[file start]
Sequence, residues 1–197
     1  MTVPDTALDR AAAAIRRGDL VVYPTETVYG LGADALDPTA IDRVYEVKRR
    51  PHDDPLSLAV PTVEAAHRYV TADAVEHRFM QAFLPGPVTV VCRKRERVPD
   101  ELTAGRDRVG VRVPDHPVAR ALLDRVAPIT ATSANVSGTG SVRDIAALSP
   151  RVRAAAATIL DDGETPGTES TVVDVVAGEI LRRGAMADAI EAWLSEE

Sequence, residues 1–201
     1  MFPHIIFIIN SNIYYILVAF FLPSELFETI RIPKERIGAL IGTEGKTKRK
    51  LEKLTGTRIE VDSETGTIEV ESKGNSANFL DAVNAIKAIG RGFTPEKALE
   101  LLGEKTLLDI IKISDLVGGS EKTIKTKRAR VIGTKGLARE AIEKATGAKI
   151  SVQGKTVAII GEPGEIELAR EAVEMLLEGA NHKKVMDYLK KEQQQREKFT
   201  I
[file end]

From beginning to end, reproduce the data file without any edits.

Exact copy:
Sequence, residues 1–197
     1  MTVPDTALDR AAAAIRRGDL VVYPTETVYG LGADALDPTA IDRVYEVKRR
    51  PHDDPLSLAV PTVEAAHRYV TADAVEHRFM QAFLPGPVTV VCRKRERVPD
   101  ELTAGRDRVG VRVPDHPVAR ALLDRVAPIT ATSANVSGTG SVRDIAALSP
   151  RVRAAAATIL DDGETPGTES TVVDVVAGEI LRRGAMADAI EAWLSEE

Sequence, residues 1–201
     1  MFPHIIFIIN SNIYYILVAF FLPSELFETI RIPKERIGAL IGTEGKTKRK
    51  LEKLTGTRIE VDSETGTIEV ESKGNSANFL DAVNAIKAIG RGFTPEKALE
   101  LLGEKTLLDI IKISDLVGGS EKTIKTKRAR VIGTKGLARE AIEKATGAKI
   151  SVQGKTVAII GEPGEIELAR EAVEMLLEGA NHKKVMDYLK KEQQQREKFT
   201  I